Changing viewing habits have not dented content consumption, though 76% said they would be interested in a service that automatically loads programming to a mobile device to enjoy on the move, according to new research.
Motorola Mobility’s Fourth Annual Media Engagement Barometer found that TV viewing had risen from 10 hours per week in 2011 to 19 hours in 2012, while film viewing was up from 5 hours to 6 hours per week.
However, John Burke, senior vice president and general manager of converged Solutions at Motorola Mobility, said that the research, which looked at consumption habits of 9,500 customers across 17countries, showed that consumers are frustrated.
“Increasingly, they’re using tablets and smartphones to view their content, and they expect this experience to transition seamlessly across their favourite programs, whenever and wherever they like,” he said.
Smartphones and tablets are now watched in the bedroom by 46% and 41% of people respectively – more than broadcast TV, which stood at just 36%. These portable devices are also used in less-conventional rooms, for example 10% of tablets are used in the kitchen, the research found.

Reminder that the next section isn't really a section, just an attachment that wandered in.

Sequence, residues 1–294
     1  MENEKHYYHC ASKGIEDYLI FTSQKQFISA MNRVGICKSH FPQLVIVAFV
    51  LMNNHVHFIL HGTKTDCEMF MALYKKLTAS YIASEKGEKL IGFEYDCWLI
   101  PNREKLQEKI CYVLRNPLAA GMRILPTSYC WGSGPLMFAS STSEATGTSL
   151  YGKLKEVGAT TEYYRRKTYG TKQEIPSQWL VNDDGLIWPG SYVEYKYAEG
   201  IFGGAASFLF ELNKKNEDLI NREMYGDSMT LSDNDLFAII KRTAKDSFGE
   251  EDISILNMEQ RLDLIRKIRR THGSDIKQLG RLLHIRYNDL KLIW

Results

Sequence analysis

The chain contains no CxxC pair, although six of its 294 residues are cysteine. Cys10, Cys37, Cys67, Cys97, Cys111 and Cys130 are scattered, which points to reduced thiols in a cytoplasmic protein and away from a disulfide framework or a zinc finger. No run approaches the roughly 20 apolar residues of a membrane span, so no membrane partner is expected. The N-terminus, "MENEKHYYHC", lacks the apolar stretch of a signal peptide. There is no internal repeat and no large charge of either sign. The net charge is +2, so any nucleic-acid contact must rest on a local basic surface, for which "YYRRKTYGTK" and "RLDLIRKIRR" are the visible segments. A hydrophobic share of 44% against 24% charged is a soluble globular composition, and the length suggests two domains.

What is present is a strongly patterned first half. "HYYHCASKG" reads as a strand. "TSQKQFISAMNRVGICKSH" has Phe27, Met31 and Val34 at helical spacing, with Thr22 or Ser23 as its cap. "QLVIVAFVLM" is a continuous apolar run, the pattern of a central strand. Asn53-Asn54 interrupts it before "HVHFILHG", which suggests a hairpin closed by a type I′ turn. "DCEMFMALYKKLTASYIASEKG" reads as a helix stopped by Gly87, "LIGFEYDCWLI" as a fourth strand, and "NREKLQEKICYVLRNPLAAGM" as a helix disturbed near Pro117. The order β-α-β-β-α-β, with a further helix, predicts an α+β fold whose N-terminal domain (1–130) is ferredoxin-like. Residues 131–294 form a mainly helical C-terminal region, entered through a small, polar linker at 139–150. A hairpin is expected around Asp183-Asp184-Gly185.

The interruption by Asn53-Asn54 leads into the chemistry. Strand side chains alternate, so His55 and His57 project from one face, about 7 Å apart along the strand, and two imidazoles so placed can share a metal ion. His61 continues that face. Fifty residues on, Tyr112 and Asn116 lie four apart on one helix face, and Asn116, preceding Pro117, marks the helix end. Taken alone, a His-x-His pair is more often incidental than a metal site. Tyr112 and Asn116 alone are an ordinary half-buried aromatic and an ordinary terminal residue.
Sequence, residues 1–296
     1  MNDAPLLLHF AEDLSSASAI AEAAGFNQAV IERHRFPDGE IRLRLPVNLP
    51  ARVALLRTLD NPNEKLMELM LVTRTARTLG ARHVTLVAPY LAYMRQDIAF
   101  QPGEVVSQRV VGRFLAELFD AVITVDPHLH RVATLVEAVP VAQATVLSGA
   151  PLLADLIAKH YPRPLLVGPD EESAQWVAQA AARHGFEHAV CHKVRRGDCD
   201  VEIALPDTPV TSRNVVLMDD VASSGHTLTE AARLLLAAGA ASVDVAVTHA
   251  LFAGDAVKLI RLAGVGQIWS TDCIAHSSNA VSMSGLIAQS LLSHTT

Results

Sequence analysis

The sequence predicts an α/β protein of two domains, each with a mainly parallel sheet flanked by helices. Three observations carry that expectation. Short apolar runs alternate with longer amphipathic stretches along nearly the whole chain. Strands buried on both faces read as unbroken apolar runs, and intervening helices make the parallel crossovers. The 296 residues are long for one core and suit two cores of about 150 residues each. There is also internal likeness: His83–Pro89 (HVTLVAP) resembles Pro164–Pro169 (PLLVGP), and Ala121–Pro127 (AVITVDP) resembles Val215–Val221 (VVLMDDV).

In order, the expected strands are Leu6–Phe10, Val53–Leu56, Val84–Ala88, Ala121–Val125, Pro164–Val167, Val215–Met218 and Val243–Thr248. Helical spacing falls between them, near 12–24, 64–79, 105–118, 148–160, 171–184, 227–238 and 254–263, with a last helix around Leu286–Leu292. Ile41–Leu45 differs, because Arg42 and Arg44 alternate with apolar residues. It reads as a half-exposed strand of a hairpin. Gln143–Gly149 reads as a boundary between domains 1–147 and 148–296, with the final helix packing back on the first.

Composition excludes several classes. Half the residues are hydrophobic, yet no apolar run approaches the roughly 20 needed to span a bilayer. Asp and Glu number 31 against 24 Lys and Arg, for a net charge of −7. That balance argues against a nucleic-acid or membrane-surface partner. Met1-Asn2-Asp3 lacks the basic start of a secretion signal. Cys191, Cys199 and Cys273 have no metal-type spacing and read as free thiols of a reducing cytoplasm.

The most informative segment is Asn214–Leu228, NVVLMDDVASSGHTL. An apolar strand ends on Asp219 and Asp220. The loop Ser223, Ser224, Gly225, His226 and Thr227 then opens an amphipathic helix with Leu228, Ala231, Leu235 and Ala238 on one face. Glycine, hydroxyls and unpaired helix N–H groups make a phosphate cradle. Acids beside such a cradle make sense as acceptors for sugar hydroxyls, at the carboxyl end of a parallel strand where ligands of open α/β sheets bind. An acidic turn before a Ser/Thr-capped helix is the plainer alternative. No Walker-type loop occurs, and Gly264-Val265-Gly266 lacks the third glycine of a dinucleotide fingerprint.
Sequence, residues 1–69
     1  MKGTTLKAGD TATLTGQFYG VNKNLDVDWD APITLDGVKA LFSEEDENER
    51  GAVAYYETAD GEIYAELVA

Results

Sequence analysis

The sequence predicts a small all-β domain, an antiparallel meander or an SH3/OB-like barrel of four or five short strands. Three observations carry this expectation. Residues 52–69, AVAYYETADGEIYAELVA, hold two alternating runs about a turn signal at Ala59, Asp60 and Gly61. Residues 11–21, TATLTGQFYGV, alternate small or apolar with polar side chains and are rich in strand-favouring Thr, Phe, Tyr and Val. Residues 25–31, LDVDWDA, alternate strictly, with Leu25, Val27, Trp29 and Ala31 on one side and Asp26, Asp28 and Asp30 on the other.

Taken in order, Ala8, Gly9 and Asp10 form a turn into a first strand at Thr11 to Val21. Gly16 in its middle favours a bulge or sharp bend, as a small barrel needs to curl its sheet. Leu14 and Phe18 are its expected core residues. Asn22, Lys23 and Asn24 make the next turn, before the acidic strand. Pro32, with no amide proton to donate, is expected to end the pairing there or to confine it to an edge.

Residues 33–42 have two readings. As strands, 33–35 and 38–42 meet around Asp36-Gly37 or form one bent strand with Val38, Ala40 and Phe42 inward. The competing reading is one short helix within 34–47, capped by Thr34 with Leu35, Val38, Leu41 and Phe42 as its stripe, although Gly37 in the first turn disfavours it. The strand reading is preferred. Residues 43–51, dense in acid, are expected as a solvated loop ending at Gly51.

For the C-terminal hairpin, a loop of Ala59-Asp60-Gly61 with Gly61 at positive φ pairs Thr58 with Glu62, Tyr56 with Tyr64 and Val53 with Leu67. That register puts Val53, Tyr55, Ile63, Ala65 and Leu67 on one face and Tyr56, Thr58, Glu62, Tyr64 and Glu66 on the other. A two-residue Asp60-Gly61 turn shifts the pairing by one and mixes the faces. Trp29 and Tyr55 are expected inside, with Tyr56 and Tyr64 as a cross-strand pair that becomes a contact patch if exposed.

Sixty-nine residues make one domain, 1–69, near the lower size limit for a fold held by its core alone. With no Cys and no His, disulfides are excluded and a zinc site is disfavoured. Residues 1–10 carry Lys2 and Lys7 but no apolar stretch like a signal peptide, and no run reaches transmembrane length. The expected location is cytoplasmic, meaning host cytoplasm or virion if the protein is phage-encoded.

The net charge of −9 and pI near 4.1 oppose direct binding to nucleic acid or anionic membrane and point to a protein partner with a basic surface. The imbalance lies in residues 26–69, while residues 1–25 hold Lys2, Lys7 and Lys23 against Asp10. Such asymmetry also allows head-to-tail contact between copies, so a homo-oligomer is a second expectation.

In spite of this, the living room remained the centre of home entertainment consumption. On average, 50% watch broadcast TV in the living room, though in Sweden and the UK this was as high as 81% and 75%.
Some 29% of all weekly TV content that is consumed is recorded on DVRs, but live viewing still dominates – particularly news, which is watched by 73% as it airs, claimed Motorola. Though DVR owners watch an average of one hour more content a week, 36% of all content recorded is never actually viewed.
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